Multicenter study confirms low testosterone in 84 percent of lung cancer patients taking crizotinib

April 16, 2013

A previous study by the University of Colorado Cancer Center reported the common side effect of low testosterone in men treated with the recently approved lung cancer agent, crizotinib. A new study published this week in the journal Cancer confirms this finding in a multi-national sample, details the mechanism of reduced testosterone, and provides promising preliminary evidence that widely available hormone replacement therapies can alleviate this side effect in many patients.

"This was a wonderful collaboration between multiple centers confirming a side effect that had not been noted when the drug was initially approved by the FDA," says Ross Camidge, MD, PhD, investigator at the CU Cancer Center, director of the thoracic oncology clinical program at University of Colorado Hospital, and the paper's senior author.

Specifically, the study – which included researchers in the United States, Hong Kong, Italy and the UK – found that in 84 percent of men treated with crizotinib, were below the lower limit of normal. Importantly, this study also showed, for the first time, that approximately 80 percent of these men had symptoms associated with their low such as or depression.

Testosterone levels seemed to fall for two main reasons. First, the proteins and SHBG that bind testosterone in the blood and act as a storage depot for the hormone dropped rapidly with crizotinib use. Additionally, free testosterone – the functional form of the hormone that is liberated from these proteins – was also reduced, implying that in addition to challenging the body's ability to store testosterone, crizotinib also challenges the body's ability to produce it. Camidge and colleagues went on to show that when low levels are found, testosterone replacement therapy may alleviate these symptoms.

"With advances in targeted therapies and in the we can use to select who to best give these new treatments to, we're starting to see drugs being approved more quickly and based on the results from far smaller numbers of patients than ever before. That's great: it helps streamline the path of these drugs into clinics where they can benefit patients who desperately need them. However, it also puts the onus on clinicians who then start using these drugs in day-to-day practice to recognize either subtle or later onset side effects that may have been missed during the initial testing," Camidge says.

For example, he says, it's perhaps not surprising that the potential for lowered testosterone was overlooked during the lightning-fast approval process for crizotinib: "If you don't specifically ask a man about symptoms of low testosterone, unless you know the patient very well, he may not feel comfortable bringing these issues up himself," Camidge says.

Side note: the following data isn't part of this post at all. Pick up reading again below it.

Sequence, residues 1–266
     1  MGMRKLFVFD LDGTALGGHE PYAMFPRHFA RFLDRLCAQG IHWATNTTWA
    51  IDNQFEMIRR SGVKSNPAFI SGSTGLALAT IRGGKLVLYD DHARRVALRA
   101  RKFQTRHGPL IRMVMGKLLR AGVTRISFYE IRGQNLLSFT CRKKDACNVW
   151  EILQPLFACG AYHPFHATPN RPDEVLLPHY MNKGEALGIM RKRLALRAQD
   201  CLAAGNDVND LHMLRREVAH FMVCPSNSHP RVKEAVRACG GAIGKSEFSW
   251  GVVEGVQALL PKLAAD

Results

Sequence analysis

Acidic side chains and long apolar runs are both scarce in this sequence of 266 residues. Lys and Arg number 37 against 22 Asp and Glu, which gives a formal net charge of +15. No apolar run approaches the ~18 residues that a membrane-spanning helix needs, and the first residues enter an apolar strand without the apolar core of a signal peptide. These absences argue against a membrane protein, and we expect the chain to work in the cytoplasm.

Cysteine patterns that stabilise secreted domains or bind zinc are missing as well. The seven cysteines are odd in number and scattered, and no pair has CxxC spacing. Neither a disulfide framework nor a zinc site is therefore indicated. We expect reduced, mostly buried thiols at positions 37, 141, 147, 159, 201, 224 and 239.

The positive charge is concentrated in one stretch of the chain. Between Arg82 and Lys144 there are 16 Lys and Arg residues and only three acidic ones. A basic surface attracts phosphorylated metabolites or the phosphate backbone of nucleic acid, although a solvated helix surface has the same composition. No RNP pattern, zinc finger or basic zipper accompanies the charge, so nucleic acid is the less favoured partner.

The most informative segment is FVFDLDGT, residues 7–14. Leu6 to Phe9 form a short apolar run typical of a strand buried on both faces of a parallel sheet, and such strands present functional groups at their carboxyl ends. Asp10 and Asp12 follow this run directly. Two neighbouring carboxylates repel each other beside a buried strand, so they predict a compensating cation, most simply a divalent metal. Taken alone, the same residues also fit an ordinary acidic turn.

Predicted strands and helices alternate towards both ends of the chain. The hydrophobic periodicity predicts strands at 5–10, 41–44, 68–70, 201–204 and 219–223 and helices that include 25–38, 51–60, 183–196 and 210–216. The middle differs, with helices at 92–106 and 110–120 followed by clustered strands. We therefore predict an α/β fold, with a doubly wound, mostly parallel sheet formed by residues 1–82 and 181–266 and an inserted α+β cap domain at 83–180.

Now with the possibility of low testosterone in mind, clinicians who prescribe crizotinib to their male patients will know to ask about these symptoms and to test their testosterone levels. "With each breakthrough we're really trying to put people with advanced cancer back in control of their own lives," says Camidge. "The more we can make these highly effective new treatments tolerable, the closer we are to achieving that goal."

Explore further: Football strengthens the bones of men with prostate cancer

Related Stories

Football strengthens the bones of men with prostate cancer

November 23, 2015

Men with prostate cancer run the risk of brittle bones as a side-effect of their treatment. But one hour's football training a few times a week counters many of the negative effects of the treatment, according to University ...

Promising drug combination for advanced prostate cancer

November 25, 2015

A new drug combination may be effective in treating men with metastatic prostate cancer. Preliminary results of this new approach are encouraging and have led to an ongoing international study being conducted in 196 hospitals ...

Recommended for you

Combination therapy can prevent cytostatic resistance

November 26, 2015

Researchers at Karolinska Institutet have found a new way of preventing resistance to cytostatics used in the treatment of cancers such as medulloblastoma, the most common form of malignant brain tumour in children. The promising ...

Forecasting the path of breast cancer in a patient

November 23, 2015

USC researchers have developed a mathematical model to forecast metastatic breast cancer survival rates using techniques usually reserved for weather prediction, financial forecasting and surfing the Web.


Please sign in to add a comment. Registration is free, and takes less than a minute. Read more

Click here to reset your password.
Sign in to get notified via email when new comments are made.